Other critics of geopolitics, for instance R. Muir (1997), M. I. Glassner (1996), J. Painter (1995), J. R. Short (1993), and J. P. Taylor (1993), have tried to create a less normative form of the subject with more emphasis on geography, called political geography. However, neither critical geopolitics nor political geography has attracted much interest among practicing politicians and decision-makers, primarily because their ideas do not have sufficient significance for the world of policy-making. The discipline of geopolitics on the other hand continues to be appreciated by men of power, whether corporate or political leaders. In the end it is all about relevance. Top government decision-makers pay little attention to most reports they receive. From a glance at the summary they can often guess the rest. Much is common sense or well-worn rhetoric, better suited for explaining policies to the public than as a basis for making courageous decisions in the interests of the nation. What decision-makers really want is good syntheses and strategies. They seek a broader understanding of the situation they are in to serve as a general guide. They also need very specific reports, about the people they are meeting, their perceptions and expectations. These reports need to be "unvarnished responses" to specific questions, not highly-polished essays on general topics. (Cf. Blackwell et al. 2008: 156.)

Decision-makers, whether in the private or the public sector, commonly work with two types of document, serving two different purposes. On one hand they need to know what is really going on, what strategies are open to them. This is covered in the form of intelligence briefings and strategic summaries, for the most part kept out of sight of the public. On the other hand they need a story to tell the mass media, shareholders, or employees, which will make their decisions acceptable to the public. For each public appearance, for each major event covered by the mass media, there is a strategy, which is never mentioned and always denied. On the face of it this may seem to describe a paranoid society, but that is not necessarily fair. It could alternatively be argued that this very much how we function as humans in everyday life, even at home: thinking one thing, saying another, often with the interest of the greater good in mind. A good politician very much becomes a person who can persuade the public to believe that there is only one path to follow. Or you get puppet politicians, politicians whose ideas and actions are so tied to the interests of the economic elites that it does not matter what they think, they will simply do as they are advised. Reagan was such a president. Other politicians again see their decisions as necessary compromises. This has been the basis of Barack Obama's career. Obama is a pragmatist disguised as an idealist.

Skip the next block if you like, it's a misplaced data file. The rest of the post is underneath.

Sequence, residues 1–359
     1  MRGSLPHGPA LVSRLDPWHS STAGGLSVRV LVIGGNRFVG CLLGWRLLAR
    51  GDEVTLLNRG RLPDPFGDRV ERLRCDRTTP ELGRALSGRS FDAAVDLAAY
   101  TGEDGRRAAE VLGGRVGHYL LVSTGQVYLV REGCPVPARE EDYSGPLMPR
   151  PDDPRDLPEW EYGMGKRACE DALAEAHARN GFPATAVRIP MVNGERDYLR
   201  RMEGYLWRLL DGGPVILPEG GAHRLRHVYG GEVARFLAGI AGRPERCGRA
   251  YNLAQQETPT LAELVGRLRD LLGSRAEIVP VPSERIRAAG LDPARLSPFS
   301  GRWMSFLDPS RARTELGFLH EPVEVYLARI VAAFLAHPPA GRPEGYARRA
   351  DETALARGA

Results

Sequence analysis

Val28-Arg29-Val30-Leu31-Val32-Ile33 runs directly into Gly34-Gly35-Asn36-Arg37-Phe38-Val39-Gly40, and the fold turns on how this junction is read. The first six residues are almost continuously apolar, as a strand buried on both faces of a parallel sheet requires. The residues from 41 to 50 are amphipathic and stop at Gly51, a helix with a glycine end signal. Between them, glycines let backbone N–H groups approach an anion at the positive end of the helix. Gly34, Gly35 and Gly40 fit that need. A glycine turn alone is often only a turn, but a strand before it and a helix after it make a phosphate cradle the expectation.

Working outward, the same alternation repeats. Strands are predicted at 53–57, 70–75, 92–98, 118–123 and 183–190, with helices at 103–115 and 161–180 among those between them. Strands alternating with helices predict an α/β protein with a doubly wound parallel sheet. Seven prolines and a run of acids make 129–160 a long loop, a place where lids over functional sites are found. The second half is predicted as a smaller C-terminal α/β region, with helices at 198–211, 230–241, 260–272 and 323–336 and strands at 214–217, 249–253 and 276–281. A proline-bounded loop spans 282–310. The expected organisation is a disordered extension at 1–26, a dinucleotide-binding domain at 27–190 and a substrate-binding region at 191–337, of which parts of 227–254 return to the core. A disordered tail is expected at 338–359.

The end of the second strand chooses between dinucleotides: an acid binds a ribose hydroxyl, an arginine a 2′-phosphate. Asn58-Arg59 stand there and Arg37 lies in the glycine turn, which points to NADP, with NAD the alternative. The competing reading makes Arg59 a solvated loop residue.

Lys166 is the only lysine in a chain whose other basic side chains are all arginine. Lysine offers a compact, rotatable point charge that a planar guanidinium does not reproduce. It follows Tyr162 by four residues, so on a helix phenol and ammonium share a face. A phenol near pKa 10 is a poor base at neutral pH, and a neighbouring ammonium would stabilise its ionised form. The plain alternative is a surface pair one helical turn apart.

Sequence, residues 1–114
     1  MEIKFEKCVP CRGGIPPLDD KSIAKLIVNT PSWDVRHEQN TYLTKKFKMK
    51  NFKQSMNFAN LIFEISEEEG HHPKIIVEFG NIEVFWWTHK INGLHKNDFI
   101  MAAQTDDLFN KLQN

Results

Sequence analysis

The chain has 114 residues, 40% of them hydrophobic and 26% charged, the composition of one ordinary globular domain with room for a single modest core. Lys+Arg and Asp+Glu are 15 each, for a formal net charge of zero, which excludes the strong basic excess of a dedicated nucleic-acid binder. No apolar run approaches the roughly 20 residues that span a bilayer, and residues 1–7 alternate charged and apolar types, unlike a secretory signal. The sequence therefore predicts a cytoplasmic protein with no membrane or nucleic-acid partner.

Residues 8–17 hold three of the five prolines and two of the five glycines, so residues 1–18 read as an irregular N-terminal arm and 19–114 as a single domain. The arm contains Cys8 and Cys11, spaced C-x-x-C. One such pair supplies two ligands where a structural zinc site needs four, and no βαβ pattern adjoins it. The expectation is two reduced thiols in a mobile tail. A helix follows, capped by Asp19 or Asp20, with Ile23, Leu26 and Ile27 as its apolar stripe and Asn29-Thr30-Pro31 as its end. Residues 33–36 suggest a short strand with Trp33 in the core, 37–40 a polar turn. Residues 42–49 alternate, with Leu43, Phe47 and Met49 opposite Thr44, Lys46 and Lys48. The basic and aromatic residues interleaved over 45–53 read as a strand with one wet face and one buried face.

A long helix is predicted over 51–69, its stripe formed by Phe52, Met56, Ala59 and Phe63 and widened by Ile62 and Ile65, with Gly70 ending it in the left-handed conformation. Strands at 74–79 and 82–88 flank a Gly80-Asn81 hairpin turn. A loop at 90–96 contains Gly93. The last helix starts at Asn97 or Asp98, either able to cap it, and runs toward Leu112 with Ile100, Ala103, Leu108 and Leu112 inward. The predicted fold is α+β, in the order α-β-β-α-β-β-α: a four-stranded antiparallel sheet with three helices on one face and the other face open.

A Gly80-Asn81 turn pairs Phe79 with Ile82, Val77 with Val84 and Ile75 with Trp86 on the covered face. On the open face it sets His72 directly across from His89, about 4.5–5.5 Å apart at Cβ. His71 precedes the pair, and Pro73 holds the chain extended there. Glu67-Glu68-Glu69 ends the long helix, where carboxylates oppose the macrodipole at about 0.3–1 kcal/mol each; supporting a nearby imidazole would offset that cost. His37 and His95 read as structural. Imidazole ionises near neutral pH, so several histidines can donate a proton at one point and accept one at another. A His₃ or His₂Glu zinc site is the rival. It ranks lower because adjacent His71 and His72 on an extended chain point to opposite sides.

Mechanisms like these are not explained through the study of political geography, and consequently it does not help that that study is rigorously scientific. Most champions of political geography say that this subject, unlike geopolitics, is about facts - historical facts - and not about interpretations. For others, though, political geography is too narrowly focused on the geographical dimension to be of much value. It ignores the all-important power dimension, and never tackles the normative problem as an important aspect of the social sciences. Nor has it attempted to preserve any of the insights or the experience that have been accumulated in the study of geopolitics.